I walk to work every single day, which is actually the single eco-friendliest option, and every time I have the right of way to cross an intersection, I have to wait for all the fixed-gear jerks who are crossing illegally and can't be bothered to slow down.

djfreshie (#875)

@sharilyn @City_Dater

Definitely look both ways. I bike the wrong way on one-way streets. I live on a one-way street in the center of a maze of one-way streets.

I do what I need to do to not die, generally. It's hard out there. Sorry! Smart bikers pay attention to everything and won't whiz by pedestrians, or cars, or be dangerous really. But I speak for myself only. Look both ways at all times. I bike on one-ways sometimes for the same reason you should probably look both ways: Not everyone is paying attention. A LOT of people are not paying attention. To be quite honest, I feel safer in the city if a car is looking at me head on, and I can see them, versus having a driver incapable of staying within the lines of their lane – blindly almost shatter my elbow because they got a text. I hate that I can't see that coming.

amuselouche (#448)

@City_Dater Yup. Never come close to being hit by a car in the city but I've been run down by bikes twice. As far as I'm concerned they can feel free to ban cars AND bikes. Pedestrians forever!

ohhleary (#846)

@djfreshie Sorry, you're either lazy or ignorant. I, too, bike to my place on a maze of one-way streets. But you know what? The law is the law. I either ride around the block or walk my bike down the block. How fucking difficult is that? Hint: it's not. And it's not going to kill you! Stop being a jerk and giving fodder to all the bike haters. Jesus Christ, just ride for an extra minute or two. It's good for you!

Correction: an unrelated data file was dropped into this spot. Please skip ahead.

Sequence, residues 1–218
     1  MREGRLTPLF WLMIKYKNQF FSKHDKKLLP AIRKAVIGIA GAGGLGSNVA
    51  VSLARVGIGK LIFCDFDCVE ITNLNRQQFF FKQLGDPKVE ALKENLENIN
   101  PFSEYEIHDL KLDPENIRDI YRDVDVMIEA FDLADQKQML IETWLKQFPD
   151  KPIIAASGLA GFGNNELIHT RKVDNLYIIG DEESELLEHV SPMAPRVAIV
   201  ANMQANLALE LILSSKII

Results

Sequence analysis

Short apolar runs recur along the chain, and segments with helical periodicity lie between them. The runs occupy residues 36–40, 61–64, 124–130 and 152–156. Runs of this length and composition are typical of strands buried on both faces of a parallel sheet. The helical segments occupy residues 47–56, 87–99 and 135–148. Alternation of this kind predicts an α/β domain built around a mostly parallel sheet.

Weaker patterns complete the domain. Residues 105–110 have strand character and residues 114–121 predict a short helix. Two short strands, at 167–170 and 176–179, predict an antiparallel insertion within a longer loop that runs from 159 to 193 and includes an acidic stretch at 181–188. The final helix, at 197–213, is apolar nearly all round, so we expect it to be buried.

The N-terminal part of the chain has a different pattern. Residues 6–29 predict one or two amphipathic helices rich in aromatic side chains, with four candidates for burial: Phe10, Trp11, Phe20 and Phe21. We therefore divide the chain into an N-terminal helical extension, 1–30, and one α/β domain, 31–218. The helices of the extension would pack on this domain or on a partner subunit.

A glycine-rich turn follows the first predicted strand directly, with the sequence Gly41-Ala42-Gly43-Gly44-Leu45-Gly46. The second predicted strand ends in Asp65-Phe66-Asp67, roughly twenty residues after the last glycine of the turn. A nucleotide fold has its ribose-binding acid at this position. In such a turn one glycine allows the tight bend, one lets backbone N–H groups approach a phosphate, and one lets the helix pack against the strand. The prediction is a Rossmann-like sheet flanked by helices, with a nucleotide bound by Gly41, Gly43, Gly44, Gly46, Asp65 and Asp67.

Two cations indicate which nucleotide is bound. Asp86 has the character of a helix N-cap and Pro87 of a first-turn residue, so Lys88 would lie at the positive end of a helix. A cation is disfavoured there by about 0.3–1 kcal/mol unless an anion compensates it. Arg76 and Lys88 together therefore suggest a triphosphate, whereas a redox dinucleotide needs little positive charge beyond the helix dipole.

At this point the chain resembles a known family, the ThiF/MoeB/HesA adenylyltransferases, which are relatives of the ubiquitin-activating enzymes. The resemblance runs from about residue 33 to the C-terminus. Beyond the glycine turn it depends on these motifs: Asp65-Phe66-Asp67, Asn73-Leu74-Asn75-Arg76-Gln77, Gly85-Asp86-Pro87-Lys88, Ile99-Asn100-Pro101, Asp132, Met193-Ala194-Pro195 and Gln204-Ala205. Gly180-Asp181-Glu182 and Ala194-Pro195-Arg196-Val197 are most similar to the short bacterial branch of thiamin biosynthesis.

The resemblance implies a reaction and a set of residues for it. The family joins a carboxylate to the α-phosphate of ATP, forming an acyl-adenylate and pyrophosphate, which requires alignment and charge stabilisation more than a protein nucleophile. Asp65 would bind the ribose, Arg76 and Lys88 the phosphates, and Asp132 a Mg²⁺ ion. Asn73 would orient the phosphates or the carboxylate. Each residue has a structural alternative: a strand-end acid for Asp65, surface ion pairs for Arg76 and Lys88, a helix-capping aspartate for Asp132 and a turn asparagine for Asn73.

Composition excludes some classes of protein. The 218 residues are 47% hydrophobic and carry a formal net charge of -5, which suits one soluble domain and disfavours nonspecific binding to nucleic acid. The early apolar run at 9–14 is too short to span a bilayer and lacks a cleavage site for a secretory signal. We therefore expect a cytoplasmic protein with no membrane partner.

djfreshie (#875)


BURN. I am lazy and I am ignorant, and you are superior for biking 2 more blocks than I. The shame is strong in me right now.

But really…hilarious! the law is almost never just the law. I can't stand that argument. The sheer number of illegal things I do on a daily basis would probably astound you!

I ride nearly 2 hours every day. I'm not exactly missing that extra minute (probably more like 10 minutes given the network of one-ways I'm dealing with, but why would you care about my specific situation? You've assumed, and that's the best medicine,) of "good for you," time. But thanks for the heads up, I'll consider it the next time I'm not heeding your excruciatingly condescending advice at all.

b3k (#12,241)

Er, maybe the bike-hate has something to do with the fact that a lot of cyclists in NYC are reckless-bordering-on-suicidal? Bikers here aren't cute little literature professors slowly riding their adorable vintage bikes to their offices at the Universitie da Vreejohrsssten or whatever — here we got our over-entitled high-speed rich athlete bikers, our drunk hipsters (Thirtysomething guy biking up the middle of Bedford Ave. the wrong way! While texting! True story!), delivery drivers who literally don't really know how to ride bikes and won't get off the fucking sidewalk, etc. Once bikers start to act like they're beholden to at least _some_ sort of traffic law, they'll get a lot more respect.